Tuesday 18 June 2013 04:33 UTC
A section for pictures that we haven't used, and for some of the story behind the story.
In the April 2011 issue of FLYER (on sale now), aircraft engineer and award-winning writer, Justin Cox, shows that spark plugs need tender loving care and that they can tell us a great deal about our aeroplane.
As a addition to the piece, here is Justin's description of the anatomy of a spark plug.
Anatomy of a spark plug
Certified aviation sparking plugs consist of a high tensile steel body which screws into the cylinder head of the engine, and a centre electrode encased in a ceramic insulating material secured inside the body. The centre electrode protrudes out of the nose of the plug into the combustion chamber, and is surrounded by one or multiple earth electrodes forming the spark gap. Early spark plugs were designed so that they could be dismantled for servicing, but now all spark plugs are a throwaway item designed to be discarded when they have failed or worn out. Most plugs include a resistor between the high tension lead contact and the central electrode to help eliminate current spikes helping reduce electrode erosion and electrical interference typically affecting avionics. Typical automotive plugs have a ceramic top and a steel lower body which has the hexagon for installation/removal and the threaded portion that screws into the head. The ceramic top has a ribbed appearance. The ribs act to increase the distance along the surface of the ceramic from the HT connection at the top of the ceramic to the earthed plug body at the bottom of the ceramic. This dissuades tracking of the spark down the outer body.
The certified ignition or HT leads have two types of plug cap connection, 5/8in and 3/4in. The 3/4in or all-weather connector is excellent at sealing out rain and sealing in the ambient pressure that the cap was last connected at. (It is capable of maintaining sea level pressure up to 50,000ft.)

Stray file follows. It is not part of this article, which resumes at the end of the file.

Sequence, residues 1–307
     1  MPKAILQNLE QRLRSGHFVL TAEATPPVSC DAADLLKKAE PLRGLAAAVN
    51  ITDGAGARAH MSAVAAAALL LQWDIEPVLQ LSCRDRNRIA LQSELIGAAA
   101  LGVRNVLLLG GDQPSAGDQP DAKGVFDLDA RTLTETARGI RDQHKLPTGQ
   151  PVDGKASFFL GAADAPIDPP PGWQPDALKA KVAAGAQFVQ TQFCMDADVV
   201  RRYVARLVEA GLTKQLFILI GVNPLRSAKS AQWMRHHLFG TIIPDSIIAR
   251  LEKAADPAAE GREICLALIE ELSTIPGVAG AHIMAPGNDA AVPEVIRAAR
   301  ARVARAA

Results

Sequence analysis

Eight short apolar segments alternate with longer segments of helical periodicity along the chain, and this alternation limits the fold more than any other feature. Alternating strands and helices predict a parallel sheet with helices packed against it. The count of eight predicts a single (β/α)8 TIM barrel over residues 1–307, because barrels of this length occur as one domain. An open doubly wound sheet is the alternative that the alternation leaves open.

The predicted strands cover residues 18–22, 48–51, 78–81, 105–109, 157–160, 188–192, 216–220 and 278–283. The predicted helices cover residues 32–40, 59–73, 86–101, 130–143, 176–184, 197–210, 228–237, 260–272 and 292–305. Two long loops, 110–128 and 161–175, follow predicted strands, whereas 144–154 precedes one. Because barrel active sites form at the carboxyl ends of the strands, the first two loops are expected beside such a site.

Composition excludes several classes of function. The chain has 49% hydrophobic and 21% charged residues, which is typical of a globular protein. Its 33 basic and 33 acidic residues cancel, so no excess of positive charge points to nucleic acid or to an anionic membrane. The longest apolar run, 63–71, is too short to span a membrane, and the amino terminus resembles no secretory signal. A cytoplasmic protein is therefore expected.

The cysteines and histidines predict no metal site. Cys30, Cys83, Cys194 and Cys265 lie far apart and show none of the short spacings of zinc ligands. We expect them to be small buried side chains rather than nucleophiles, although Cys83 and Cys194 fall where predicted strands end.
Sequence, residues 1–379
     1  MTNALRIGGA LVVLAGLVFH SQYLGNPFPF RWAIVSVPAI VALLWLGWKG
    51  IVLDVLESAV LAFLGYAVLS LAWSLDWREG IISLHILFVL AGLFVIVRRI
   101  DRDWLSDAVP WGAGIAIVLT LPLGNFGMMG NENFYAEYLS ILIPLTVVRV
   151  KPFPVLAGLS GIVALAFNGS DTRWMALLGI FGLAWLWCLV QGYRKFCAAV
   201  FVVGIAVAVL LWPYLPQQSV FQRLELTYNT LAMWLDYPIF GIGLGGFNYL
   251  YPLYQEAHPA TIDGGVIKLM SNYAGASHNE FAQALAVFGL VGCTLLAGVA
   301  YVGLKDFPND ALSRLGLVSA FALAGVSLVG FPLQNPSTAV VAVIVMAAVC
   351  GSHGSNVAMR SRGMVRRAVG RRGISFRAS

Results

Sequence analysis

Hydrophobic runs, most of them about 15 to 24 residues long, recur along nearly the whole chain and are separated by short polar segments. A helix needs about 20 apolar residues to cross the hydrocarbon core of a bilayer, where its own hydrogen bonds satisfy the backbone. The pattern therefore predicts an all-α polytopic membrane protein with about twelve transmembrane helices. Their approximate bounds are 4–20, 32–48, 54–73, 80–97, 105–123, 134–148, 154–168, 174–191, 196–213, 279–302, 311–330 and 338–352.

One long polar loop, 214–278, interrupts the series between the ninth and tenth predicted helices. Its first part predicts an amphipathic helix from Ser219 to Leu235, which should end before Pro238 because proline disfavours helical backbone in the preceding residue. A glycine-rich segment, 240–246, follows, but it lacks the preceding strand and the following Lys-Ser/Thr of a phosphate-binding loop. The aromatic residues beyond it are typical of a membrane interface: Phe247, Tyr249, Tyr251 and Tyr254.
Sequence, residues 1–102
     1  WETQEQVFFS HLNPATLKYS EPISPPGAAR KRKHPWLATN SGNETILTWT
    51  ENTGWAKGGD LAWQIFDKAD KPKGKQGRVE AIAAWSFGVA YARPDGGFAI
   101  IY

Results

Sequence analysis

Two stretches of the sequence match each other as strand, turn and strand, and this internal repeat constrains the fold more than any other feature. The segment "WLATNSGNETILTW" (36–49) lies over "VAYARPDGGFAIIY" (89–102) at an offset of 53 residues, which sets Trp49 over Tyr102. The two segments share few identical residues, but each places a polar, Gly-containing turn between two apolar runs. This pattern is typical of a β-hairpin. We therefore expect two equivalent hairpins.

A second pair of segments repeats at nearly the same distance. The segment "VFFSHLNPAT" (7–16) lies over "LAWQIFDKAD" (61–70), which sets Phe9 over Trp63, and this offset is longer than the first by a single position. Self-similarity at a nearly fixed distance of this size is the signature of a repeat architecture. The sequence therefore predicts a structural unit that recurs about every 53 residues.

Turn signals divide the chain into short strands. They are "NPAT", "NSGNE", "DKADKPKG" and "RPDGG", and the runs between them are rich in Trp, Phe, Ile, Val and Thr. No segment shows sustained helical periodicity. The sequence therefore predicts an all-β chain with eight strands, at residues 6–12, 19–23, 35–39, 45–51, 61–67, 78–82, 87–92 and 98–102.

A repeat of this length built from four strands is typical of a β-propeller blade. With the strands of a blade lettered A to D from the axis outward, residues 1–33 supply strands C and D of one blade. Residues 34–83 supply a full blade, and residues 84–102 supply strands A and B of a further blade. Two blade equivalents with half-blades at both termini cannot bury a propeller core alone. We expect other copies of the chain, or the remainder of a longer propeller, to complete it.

The all-weather cap is typically fitted to high-performance aircraft that can operate at high altitude, minimising the risk of high altitude misfires. The HT lead is made up of a central core that carries the high voltage encapsulated in an insulating material, which is then surrounded by a woven, screened cable that is earthed to the engine via the magneto body. The screened cable, sometimes covered by an outer, coloured coating, screens the high voltage pulses, helping eliminate electrical noise interference with other systems.
The outer plug body acts as a screen and is connected to the HT screening by the plug cap, continuing the screen to earth via the plug body to the cylinder head, keeping interference to a minimum. Automotive plugs use a far less elaborate system with the familiar push-on plug cap, which is not required to operate at the high altitude of the certified engines. There is generally no screening on the plug lead on light sport aircraft.